For my entire life, I’ve struggled because I don't know where or what or how the end point is. I can’t define it, I can’t control it and it doesn’t make sense. So, for me, the journey never has, either. I wonder if that’s a pretty common experience.
That mysterious, uncertain, unknown journey IS the point, but not for my brain that seeks logic and patterns and a purpose. Consequently, I spent years lying awake in bed at night terrified of uncertainty, of what might happen, who might leave me, how that might occur, searching for reason, for a point. And I don't mean in a religious sense at all, far from it. I mean in a logical one. Who knew that autism could contribute so much towards existential anxiety?
One of the most profoundly interesting sessions I was asked to talk through during my assessments is summed up by this:
“How do you know when you’re happy?”
“I don’t feel unhappy.”
“What’s something that makes you happy?”
“Being with close friends and family.”
“What does friendship feel like?”
“Because my inner monologue switches off and stops getting in the way. It means I can forget myself for a while.”
Since my diagnosis, that over-analysing intrusive inner monologue is getting in the way less and less, which suggests that I’m happier. And whilst my existential worries will never fully go away, lately, I’ve been sleeping like a baby. I’m more in control. I’m more accepting of myself. That feels both liberating and powerful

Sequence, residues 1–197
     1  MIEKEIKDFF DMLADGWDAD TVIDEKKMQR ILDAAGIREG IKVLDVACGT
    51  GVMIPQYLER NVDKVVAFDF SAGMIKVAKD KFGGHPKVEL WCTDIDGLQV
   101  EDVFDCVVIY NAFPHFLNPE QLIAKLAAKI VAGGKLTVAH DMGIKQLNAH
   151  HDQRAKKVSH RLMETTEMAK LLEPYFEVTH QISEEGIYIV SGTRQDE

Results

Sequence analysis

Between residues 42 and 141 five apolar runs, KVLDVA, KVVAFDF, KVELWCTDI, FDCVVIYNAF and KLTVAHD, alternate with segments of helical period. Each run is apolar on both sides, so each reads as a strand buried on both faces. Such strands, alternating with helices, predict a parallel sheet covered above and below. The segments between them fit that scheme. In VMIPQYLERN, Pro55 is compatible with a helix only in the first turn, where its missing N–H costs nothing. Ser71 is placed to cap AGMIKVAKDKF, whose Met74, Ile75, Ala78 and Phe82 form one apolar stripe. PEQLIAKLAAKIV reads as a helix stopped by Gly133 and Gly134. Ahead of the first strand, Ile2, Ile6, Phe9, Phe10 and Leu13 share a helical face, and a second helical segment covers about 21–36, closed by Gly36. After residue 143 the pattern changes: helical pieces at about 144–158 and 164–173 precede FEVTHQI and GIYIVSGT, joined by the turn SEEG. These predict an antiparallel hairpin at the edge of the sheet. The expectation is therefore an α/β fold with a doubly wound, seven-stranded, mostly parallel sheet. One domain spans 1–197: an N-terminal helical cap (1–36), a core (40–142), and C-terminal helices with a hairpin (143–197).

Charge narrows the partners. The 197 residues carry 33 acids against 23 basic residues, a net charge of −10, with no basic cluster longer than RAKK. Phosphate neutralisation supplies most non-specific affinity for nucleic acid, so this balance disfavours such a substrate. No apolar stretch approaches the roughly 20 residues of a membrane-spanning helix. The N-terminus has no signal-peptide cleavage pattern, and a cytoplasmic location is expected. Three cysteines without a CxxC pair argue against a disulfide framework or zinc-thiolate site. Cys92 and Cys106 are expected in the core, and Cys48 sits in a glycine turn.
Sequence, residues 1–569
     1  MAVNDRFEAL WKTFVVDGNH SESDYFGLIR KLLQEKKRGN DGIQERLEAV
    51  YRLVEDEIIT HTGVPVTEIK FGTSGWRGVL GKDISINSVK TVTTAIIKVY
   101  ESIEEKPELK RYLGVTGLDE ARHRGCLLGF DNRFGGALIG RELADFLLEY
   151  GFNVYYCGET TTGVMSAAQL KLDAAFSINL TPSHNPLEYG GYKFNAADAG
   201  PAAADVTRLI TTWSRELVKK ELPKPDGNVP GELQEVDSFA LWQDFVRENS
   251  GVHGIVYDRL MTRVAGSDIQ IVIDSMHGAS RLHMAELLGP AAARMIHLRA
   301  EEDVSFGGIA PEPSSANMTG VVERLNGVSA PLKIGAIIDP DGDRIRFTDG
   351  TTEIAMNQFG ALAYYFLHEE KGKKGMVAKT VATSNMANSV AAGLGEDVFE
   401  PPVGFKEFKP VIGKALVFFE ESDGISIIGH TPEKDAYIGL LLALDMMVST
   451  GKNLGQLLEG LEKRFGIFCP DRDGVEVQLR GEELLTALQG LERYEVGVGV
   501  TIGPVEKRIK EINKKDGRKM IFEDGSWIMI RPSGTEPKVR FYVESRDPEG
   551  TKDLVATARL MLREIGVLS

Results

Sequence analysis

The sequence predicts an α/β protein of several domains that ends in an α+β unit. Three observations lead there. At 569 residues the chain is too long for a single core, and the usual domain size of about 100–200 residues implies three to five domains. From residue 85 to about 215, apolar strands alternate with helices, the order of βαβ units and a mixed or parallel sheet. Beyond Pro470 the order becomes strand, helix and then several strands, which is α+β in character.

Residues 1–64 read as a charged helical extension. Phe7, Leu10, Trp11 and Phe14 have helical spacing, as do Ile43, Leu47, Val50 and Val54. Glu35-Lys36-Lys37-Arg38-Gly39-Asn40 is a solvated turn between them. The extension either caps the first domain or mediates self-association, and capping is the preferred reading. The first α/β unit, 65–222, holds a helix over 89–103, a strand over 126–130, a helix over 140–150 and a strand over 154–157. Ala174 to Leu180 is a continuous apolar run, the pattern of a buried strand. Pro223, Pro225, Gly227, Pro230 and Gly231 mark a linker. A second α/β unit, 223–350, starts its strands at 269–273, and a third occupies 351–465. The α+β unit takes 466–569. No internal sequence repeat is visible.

If that’s what being diagnosed as autistic means to me at 56, then that’s a very, very good thing.
And that’s because, ironically, one of the benefits of finding out what’s wrong with you is the realisation that there’s been nothing wrong with you.
In fact, I feel a bit like Bruce Willis in the film Unbreakable which is about someone who doesn’t know they’re a superhero and who starts discovering their latent powers in middle age. At first, it's strange, then frightening, then amazing. And it only makes sense when the character connects all the dots from what went before to where he is now. Yes, I feel like that, except that he was invincible to harm and all I can do is connect two films faster than a search engine can…
Still, I loved that film. It was directed by M Night Shyamalan who also directed Signs and The Village both of which starred Joaquin Phoenix who was also the star of Her…
Keith s. Barrett
This is exceptionally visual as a written explanation... Nailed it. Thank you.
Rob, ❤...just that.
Robert - a brilliant explanation from a special super hero! You should be very proud of yourself not just for what you’ve written here but for who you are.
Rob. This is such a brilliant, insightful compellingly written explanation of something many of us fail to comprehend. Thank you so much
Beautifully written Rob and from such a heartfelt place. You are a superhero and your open honesty not only helps me understand the benefits of an assessment in adulthood but also why you are my dear friend ❤️Xx
Rob, thank you. What a great post. I'm in my 50s, not yet diagnosed but highly suspect I am somewhere on the spectrum.
Oh I LOVEArrival - it's a great film!
Now you have me thinking at 67!!!
Oh, the lack of filter. Jimminy Cricket, yes.